It should be highlighted that in comparisons to other adsorbents for the adsorption of MB, MCC had a significantly very fast adsorption. This include nanoparticles such as Carbon Nanotubes [49], Ilemite nanoparticles [50] and Titania nanoparticles [51], achieving equilibrium time at 60 minutes, 600 minutes and 90 minutes respectively, and wastes such as pyrolyzed petrified sediments, achieving equilibrium time in 480 minutes [52]. The strong electrostatic attraction enable rapid filling of adsorption sites by MB molecules on the surface of MCC, resulting in a very rapid adsorption rate [53], whereby achieving percentage removal of 66%-74% within 0.5 minutes. However, beyond 0.5 minutes, most of the adsorption sites were occupied, which resulted in decrease in adsorption rate.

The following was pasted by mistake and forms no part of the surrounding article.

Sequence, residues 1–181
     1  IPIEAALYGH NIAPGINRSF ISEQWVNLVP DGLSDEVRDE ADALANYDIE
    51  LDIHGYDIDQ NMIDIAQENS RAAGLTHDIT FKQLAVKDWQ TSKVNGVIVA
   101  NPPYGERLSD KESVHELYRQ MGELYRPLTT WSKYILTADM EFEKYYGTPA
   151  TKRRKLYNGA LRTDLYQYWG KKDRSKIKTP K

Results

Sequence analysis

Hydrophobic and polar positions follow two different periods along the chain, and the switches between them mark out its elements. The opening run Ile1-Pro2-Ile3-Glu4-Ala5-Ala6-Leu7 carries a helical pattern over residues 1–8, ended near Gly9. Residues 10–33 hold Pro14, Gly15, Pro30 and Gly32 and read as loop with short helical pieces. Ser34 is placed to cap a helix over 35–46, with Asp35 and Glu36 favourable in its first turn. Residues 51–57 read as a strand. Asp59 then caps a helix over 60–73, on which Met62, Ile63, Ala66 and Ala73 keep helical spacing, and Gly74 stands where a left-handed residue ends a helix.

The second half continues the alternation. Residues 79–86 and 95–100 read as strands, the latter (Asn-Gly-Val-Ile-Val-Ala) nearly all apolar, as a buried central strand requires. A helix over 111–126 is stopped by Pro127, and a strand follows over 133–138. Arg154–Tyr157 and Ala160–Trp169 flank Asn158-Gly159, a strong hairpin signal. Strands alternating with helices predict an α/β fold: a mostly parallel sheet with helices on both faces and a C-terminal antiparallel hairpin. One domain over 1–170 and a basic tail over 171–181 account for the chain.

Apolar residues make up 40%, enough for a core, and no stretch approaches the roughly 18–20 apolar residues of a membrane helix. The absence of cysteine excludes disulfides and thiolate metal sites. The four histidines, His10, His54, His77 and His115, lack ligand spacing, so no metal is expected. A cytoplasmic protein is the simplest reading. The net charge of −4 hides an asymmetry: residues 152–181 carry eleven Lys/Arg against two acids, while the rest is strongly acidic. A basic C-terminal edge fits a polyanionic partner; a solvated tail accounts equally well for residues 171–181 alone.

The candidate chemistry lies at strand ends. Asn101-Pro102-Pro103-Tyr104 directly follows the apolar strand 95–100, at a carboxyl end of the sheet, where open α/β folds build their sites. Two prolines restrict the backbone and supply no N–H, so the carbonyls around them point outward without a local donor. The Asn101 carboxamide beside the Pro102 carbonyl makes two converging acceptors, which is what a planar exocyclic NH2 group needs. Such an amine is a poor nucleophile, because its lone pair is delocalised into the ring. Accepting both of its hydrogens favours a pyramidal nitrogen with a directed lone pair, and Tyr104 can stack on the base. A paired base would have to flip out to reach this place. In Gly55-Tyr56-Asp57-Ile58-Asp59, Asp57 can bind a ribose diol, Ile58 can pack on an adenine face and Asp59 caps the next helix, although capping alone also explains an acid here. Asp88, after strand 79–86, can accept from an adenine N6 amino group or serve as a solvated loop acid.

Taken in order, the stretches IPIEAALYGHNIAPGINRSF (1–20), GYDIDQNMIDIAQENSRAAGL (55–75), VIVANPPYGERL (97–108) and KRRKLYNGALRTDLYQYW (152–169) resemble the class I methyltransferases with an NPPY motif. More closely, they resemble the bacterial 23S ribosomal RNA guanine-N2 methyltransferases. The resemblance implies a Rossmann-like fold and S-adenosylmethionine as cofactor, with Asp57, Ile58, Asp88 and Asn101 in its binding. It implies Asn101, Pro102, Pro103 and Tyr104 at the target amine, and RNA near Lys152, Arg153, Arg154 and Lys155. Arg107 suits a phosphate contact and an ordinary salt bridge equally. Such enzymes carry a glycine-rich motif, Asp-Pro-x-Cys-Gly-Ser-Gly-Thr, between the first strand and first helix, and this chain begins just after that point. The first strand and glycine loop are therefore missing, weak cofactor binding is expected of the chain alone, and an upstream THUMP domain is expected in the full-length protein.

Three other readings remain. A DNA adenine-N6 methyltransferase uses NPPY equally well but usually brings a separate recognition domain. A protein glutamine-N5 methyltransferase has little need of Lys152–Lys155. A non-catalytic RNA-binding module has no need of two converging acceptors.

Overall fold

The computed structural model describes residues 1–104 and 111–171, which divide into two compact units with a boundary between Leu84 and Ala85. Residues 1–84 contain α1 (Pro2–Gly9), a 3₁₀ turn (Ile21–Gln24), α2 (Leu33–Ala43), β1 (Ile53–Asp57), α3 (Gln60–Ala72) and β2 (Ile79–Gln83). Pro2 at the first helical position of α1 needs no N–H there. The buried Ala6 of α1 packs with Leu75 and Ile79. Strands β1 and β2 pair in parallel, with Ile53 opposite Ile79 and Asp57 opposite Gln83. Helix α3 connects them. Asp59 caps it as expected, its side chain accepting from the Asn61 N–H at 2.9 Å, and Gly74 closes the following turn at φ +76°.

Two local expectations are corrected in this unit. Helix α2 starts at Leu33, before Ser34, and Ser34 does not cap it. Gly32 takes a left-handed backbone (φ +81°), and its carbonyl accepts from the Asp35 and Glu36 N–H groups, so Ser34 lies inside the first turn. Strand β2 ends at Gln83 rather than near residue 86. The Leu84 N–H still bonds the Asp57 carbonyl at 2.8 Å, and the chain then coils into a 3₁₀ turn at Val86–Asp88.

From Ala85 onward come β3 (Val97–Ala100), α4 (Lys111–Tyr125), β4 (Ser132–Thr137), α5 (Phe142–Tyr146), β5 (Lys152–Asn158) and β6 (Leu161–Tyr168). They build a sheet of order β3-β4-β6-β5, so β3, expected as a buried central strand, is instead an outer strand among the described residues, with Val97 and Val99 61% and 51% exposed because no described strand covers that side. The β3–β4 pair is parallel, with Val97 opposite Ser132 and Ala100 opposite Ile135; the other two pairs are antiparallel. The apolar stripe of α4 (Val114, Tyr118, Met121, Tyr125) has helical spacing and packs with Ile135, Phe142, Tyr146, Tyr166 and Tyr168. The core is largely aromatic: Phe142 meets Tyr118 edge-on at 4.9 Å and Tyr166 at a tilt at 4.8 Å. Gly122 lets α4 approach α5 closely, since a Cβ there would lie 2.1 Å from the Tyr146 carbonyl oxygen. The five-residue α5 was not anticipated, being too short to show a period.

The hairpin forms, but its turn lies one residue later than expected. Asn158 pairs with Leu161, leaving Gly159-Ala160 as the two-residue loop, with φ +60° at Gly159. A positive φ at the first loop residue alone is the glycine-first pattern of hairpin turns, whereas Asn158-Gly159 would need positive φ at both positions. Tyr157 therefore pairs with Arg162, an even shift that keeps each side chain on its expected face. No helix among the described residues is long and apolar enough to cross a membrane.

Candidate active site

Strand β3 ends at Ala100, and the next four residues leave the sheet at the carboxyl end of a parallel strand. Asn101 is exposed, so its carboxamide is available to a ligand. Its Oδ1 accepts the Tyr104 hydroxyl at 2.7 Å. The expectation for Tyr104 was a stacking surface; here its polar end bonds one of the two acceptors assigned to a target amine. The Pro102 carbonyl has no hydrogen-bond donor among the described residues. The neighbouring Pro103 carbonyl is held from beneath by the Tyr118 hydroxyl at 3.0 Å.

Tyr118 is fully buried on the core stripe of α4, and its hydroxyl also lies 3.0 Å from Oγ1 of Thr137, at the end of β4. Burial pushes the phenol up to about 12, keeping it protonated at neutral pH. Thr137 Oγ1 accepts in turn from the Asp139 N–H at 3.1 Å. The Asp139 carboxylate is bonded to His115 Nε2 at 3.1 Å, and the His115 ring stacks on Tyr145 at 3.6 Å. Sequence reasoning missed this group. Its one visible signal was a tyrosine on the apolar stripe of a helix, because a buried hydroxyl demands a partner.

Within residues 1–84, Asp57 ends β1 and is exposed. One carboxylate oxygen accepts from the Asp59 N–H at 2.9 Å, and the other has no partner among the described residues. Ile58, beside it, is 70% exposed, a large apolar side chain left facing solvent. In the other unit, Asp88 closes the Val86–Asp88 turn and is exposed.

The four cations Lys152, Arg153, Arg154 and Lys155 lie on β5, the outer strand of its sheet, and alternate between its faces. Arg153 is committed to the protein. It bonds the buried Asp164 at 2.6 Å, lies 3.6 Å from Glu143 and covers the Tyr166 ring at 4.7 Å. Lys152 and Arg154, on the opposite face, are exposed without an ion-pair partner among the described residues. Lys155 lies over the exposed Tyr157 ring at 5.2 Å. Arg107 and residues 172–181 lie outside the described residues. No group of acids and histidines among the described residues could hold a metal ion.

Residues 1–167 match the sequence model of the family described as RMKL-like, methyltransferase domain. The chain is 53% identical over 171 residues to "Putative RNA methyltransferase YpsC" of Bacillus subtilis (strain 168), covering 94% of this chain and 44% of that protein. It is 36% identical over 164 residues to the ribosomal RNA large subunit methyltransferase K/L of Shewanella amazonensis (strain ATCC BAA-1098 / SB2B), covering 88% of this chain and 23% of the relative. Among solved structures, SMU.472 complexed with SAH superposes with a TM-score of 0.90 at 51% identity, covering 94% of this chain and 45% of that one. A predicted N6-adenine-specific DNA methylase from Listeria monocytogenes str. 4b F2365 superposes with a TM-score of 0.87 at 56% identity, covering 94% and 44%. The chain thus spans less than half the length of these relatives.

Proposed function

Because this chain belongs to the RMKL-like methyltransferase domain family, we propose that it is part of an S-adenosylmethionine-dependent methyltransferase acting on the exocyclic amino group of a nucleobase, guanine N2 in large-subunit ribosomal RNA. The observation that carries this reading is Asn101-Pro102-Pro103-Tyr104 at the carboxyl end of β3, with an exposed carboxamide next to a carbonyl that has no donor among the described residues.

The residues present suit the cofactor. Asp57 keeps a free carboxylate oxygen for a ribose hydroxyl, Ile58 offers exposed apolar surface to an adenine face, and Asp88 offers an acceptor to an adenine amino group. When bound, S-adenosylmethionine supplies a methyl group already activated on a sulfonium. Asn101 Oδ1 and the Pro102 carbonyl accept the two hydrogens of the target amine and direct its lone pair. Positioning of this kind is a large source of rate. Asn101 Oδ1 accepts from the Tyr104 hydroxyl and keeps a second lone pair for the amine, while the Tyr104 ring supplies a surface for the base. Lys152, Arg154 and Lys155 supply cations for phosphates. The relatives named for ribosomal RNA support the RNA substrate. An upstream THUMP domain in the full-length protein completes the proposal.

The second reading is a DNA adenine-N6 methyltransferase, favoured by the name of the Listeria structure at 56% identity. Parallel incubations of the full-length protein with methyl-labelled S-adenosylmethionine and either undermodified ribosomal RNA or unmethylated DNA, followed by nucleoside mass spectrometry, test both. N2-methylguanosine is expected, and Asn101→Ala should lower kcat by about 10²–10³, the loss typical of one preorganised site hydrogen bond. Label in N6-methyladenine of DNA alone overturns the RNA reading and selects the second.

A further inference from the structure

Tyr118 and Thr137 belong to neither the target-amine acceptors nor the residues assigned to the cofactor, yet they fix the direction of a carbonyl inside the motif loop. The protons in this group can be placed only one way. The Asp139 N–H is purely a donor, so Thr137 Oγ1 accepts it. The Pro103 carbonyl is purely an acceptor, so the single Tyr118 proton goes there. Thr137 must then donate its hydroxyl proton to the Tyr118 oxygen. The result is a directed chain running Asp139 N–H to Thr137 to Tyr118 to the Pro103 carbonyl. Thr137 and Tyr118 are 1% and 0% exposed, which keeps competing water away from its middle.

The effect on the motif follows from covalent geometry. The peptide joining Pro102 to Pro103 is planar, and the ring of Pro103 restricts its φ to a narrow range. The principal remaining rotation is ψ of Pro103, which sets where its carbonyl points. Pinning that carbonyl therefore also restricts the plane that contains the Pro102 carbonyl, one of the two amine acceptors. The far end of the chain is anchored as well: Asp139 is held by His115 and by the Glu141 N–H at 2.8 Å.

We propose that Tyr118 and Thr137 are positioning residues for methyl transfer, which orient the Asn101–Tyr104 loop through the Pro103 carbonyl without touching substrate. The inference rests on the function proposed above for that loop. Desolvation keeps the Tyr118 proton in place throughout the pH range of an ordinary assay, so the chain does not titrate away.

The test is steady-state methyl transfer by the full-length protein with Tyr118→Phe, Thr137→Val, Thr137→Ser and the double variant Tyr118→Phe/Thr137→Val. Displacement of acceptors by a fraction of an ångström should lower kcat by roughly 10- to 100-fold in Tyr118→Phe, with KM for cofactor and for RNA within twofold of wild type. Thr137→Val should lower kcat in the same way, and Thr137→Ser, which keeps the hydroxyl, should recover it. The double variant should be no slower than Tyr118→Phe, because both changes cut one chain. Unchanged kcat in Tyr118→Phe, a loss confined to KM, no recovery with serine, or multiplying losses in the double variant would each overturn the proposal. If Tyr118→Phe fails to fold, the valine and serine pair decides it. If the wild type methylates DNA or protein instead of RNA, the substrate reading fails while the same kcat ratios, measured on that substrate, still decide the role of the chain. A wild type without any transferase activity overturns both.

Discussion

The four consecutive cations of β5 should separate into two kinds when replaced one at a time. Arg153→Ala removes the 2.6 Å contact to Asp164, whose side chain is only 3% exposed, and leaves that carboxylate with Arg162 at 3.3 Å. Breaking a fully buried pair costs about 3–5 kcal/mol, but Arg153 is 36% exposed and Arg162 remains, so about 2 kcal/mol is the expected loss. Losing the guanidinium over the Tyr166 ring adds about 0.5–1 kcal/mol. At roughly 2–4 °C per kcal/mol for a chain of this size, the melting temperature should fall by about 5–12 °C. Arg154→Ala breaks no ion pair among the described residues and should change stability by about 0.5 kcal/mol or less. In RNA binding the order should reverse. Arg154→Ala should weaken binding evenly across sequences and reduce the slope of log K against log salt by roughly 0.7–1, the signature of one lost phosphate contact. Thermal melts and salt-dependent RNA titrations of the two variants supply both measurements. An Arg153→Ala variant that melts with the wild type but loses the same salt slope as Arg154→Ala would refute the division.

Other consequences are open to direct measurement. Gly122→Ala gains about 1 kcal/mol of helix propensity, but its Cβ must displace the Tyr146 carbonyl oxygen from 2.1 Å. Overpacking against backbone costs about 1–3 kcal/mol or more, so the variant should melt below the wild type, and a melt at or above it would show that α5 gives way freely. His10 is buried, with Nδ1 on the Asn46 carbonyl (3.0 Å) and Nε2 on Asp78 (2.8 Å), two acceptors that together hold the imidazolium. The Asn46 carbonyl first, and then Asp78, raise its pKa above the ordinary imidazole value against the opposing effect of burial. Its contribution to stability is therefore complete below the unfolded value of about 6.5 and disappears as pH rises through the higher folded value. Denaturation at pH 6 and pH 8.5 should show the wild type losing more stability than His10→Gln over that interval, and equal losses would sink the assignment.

By 1-3 minutes, all the adsorption sites were occupied [54], whereby saturation and thus maximum percentage removal and equilibrium adsorption capacities had been achieved. Thus, beyond 3 minutes, there was no more further adsorption occurred.

Further insight to the adsorption rate could be conducted by evaluating the adsorption kinetics of MB on MCC, which could also determine the rate- determining steps, as well as the adsorption mechanism. Three kinetics models were analyzed, which consist of pseudo-first order, pseudo-second order and Elovorich models. Linearized Pseudo-first order model is defined below in Eq. (11):

(Equation)

where, Qt is the adsorption capacity at time t and k1 is the first order reaction rate constant. Linearized Pseudo-Second Order Model is defined below in Eq. (12):